Other than the fact that the "Choral" and "Collection" in the title aren't misspelled with "k"s, this album is a typical Kinks compilation, with 14 of its 15 tracks long familiar to fans of the group. What makes it different is that (1) most of the instrumentation is (or at least sounds) "unplugged" and (2) Davies has enlisted a choir to provide background vocals. Surprisingly, the results aren't all that surprising. One might even call them much ado about nothing, except that the Kinks catalog is really something.
This soundtrack to the latest Judd Apatow film almost stands on its own as a thoughtfully compiled mix disc. The template is acoustic, sometimes drumless pop-rock from mostly famous performers (Paul McCartney, Robert Plant, James Taylor, Warren Zevon). The latter-day Beatles hit "Real Love" even survives Adam Sandler. What mars the euphony is Maude Apatow's Cats number and Sandler's f-bomb-dropping George Simmons song. What almost redeems the disc anyway is John Lennon's previously unreleased acoustic version of "Watching the Wheels."
Disc Two's 20 demos, alternate versions, and previously unreleased tracks is inevitably spotty, and because the Jayhawks' latter-day country-rock got better as it went, the chronologically sequenced first disc doesn't exactly burst out of the gate. But it does gather momentum and smooth over the departure of founding member Mark Olson in 1995. By the time listeners get to the four excellent tracks from 2003's Rainy Day Music, the music is soaring high indeed. Meanwhile, Disc Two has its moments, and the nine-clip DVD is worth watching.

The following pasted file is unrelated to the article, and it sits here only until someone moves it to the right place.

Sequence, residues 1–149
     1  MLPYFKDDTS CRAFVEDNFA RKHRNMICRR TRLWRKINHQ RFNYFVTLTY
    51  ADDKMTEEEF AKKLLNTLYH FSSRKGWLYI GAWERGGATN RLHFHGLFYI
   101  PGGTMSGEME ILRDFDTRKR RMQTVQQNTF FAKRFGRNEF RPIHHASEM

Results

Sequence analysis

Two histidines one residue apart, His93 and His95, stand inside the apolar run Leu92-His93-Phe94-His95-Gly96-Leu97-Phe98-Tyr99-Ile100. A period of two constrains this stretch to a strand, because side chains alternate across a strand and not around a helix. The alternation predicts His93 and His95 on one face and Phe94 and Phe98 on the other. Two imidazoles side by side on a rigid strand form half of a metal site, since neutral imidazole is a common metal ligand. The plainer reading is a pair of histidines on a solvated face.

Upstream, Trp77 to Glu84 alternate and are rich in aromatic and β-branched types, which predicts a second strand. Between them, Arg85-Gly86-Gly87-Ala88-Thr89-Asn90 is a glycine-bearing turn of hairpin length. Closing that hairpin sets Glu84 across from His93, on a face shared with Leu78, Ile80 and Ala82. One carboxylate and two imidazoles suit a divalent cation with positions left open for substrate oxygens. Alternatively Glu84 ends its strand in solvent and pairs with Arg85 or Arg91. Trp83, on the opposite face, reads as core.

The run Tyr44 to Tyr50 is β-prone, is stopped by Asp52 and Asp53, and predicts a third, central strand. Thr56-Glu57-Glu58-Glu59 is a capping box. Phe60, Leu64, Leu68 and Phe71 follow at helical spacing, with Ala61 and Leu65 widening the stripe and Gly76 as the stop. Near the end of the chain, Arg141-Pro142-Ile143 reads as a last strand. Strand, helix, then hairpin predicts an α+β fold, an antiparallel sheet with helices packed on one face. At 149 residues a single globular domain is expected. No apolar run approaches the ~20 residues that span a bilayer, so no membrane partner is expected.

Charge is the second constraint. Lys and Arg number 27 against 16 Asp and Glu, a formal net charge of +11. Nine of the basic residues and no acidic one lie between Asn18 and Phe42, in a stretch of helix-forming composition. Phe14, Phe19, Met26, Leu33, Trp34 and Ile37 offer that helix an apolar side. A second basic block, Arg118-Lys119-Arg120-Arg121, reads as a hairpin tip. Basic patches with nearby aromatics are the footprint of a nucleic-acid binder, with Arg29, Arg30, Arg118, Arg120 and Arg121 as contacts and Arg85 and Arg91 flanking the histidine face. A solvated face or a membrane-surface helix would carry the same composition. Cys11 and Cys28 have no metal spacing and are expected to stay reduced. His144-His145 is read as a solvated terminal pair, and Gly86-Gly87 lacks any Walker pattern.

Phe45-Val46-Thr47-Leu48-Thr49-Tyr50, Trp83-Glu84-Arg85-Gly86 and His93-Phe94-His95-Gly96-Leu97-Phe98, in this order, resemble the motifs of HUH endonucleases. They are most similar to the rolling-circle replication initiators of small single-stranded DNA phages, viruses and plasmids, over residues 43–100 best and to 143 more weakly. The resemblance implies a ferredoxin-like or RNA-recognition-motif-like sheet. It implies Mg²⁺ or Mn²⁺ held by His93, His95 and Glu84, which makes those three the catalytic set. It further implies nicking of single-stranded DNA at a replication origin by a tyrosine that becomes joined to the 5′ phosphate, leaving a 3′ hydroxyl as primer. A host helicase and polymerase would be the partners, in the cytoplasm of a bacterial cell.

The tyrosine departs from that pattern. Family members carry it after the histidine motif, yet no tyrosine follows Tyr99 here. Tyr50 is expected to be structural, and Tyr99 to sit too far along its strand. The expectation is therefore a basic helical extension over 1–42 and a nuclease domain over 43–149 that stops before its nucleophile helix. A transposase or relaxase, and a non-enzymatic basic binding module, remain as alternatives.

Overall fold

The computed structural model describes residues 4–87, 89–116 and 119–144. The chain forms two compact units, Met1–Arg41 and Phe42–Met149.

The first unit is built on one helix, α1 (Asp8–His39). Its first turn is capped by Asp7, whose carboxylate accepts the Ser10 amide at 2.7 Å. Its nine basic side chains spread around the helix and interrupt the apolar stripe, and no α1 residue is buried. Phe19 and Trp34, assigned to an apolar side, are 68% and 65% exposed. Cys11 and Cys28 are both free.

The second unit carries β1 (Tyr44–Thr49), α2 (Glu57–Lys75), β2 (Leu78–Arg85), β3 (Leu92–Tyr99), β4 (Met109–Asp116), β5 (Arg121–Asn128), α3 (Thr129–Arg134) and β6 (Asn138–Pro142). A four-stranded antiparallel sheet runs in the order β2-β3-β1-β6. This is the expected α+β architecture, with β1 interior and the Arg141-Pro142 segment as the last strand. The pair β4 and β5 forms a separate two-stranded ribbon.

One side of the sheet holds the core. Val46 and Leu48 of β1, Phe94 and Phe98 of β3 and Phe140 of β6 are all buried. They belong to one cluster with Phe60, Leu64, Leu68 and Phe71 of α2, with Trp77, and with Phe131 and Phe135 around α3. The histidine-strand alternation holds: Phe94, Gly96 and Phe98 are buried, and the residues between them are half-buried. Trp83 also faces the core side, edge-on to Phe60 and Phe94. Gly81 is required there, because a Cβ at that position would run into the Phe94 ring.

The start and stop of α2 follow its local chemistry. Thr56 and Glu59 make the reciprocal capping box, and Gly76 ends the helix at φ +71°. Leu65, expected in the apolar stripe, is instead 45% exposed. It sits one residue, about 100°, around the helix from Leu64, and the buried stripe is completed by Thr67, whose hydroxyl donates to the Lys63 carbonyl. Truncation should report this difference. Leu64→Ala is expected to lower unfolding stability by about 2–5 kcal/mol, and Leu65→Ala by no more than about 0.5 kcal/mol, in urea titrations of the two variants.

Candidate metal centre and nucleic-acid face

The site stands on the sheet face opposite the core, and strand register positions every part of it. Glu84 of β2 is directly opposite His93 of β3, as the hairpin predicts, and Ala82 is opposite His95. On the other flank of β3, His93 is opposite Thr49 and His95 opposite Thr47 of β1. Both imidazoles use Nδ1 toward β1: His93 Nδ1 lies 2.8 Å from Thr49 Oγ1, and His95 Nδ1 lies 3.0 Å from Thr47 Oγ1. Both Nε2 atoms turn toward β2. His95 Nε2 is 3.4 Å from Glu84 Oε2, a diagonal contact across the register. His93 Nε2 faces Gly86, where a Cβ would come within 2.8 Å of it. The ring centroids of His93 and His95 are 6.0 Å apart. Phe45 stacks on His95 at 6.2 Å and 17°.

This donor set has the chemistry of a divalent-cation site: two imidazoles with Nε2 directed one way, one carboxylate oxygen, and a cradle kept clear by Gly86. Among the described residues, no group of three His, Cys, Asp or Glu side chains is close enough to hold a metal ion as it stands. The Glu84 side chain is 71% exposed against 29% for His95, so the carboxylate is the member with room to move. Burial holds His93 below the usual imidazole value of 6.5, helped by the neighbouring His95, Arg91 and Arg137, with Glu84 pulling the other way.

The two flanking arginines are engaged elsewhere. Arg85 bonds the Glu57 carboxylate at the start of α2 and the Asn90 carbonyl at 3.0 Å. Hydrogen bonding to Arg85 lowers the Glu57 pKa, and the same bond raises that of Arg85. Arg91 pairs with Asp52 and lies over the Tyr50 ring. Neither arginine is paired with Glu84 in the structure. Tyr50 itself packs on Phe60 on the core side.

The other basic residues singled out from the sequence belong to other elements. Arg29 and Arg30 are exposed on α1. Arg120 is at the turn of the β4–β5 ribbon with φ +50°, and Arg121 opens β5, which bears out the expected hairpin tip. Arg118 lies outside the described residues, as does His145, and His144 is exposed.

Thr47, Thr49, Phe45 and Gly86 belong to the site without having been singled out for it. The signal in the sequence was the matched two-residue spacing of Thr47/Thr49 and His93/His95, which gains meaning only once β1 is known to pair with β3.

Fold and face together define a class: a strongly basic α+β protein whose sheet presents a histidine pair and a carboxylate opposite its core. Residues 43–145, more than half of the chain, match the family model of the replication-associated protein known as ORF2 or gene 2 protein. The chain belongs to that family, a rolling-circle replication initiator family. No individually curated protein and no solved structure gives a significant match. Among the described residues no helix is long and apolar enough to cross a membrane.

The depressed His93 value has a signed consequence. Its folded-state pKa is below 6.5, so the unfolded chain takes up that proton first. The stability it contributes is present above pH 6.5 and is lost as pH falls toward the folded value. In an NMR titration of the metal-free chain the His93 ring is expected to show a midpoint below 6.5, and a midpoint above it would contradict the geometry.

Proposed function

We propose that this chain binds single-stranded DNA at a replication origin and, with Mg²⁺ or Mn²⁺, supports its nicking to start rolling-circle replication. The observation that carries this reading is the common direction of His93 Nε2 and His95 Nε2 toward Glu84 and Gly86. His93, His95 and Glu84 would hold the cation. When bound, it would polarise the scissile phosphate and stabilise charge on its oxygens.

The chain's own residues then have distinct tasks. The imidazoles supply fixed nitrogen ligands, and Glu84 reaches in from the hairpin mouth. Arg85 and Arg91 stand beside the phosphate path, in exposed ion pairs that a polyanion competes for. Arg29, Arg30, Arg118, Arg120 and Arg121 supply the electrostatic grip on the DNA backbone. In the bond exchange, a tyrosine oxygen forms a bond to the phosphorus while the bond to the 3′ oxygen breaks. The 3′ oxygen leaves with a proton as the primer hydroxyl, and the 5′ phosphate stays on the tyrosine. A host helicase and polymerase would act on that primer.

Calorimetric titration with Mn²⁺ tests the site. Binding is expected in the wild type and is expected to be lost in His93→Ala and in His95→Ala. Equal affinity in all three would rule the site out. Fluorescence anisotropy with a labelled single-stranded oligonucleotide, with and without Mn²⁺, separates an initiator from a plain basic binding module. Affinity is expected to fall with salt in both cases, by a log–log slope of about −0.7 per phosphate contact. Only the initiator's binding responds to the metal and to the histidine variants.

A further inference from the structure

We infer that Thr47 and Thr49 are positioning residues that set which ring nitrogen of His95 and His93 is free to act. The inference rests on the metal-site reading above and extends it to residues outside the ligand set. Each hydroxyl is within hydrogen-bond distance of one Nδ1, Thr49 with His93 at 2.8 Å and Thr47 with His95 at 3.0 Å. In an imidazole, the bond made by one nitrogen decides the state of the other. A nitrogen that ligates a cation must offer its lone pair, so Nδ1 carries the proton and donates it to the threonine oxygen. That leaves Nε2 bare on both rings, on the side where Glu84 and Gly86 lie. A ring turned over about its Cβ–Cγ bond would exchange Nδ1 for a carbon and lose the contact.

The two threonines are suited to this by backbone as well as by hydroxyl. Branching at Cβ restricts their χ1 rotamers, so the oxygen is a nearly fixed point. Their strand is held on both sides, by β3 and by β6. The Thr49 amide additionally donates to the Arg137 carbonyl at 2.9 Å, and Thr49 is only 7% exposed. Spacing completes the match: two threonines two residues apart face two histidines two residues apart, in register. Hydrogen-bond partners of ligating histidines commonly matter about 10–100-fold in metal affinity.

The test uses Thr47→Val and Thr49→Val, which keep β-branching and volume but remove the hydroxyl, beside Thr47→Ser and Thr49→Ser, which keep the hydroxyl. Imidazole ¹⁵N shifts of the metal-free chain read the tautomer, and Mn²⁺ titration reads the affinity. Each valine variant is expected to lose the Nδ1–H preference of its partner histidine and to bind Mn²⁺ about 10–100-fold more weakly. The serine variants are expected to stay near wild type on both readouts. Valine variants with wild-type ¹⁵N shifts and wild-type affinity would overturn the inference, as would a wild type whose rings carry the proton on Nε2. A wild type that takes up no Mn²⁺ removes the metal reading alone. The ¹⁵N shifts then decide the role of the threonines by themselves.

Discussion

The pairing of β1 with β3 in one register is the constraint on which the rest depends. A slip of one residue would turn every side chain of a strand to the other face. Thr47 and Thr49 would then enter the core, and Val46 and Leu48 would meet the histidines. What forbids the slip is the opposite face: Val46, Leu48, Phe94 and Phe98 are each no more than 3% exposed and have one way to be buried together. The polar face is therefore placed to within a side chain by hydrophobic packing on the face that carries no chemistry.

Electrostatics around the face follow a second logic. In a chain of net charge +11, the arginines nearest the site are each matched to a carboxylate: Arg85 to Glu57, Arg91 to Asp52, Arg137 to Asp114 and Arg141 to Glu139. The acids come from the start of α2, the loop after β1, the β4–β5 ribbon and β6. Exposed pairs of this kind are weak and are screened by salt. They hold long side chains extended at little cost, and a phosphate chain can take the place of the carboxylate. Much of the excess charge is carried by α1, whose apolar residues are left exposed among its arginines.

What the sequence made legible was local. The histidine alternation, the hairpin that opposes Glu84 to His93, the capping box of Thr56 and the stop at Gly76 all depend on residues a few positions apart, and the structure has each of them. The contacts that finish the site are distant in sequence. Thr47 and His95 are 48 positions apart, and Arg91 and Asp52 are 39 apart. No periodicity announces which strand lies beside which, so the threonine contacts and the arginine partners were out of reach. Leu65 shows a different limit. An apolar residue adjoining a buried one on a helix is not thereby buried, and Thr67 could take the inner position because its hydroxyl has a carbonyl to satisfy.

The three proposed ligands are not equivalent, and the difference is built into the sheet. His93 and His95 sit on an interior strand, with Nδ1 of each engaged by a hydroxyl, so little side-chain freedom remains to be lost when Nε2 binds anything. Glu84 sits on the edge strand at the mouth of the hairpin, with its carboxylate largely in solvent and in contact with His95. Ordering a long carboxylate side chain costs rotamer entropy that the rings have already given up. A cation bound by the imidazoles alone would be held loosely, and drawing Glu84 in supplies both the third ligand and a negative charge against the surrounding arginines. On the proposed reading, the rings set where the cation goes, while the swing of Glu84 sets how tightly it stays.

With three of its four original members, Stryper picks up where it left off with 1990's Against the Law, writing and rocking from a Christian foundation that the band has learned to integrate without downplaying. As with a lot of long-absent acts casting about for a re-entry key, the band risks showing up its originals with a cover (Boston's "Peace of Mind"), and it is the catchiest of these 12 new songs. But the ballads are pretty, "The Plan" is anthemic, and it's nice to have these guys back.
During its first go-'round (1984-1990), Stryper got what might now be called the Sarah Palin treatment. Overtly Christian (they tossed Bibles into the crowds on their early tours) and clad in bumblebee-patterned spandex, they made easy targets for the mainstream rock press. And just as some of Palin's fiercest criticism has come from her own party, Stryper received criticism from Christians for everything from its record company (the secular indie Enigma) to its concession to pop radio. ("Honestly" reached No. 23 in 1987). Eventually, Stryper made a Palin-esque retreat.
Time and hindsight, however, have elevated Stryper to pioneer status, and Murder by Pride (Big 3) finds the band in fine metal fettle. True, there's a new bassist, a cameo from Boston's Tom Scholz, and guest drumming throughout from Kenny Aranoff. But with Michael Sweet singing lead and the riffs more serrated than ever, there's no doubt that the "yellow-and-black attack" is back.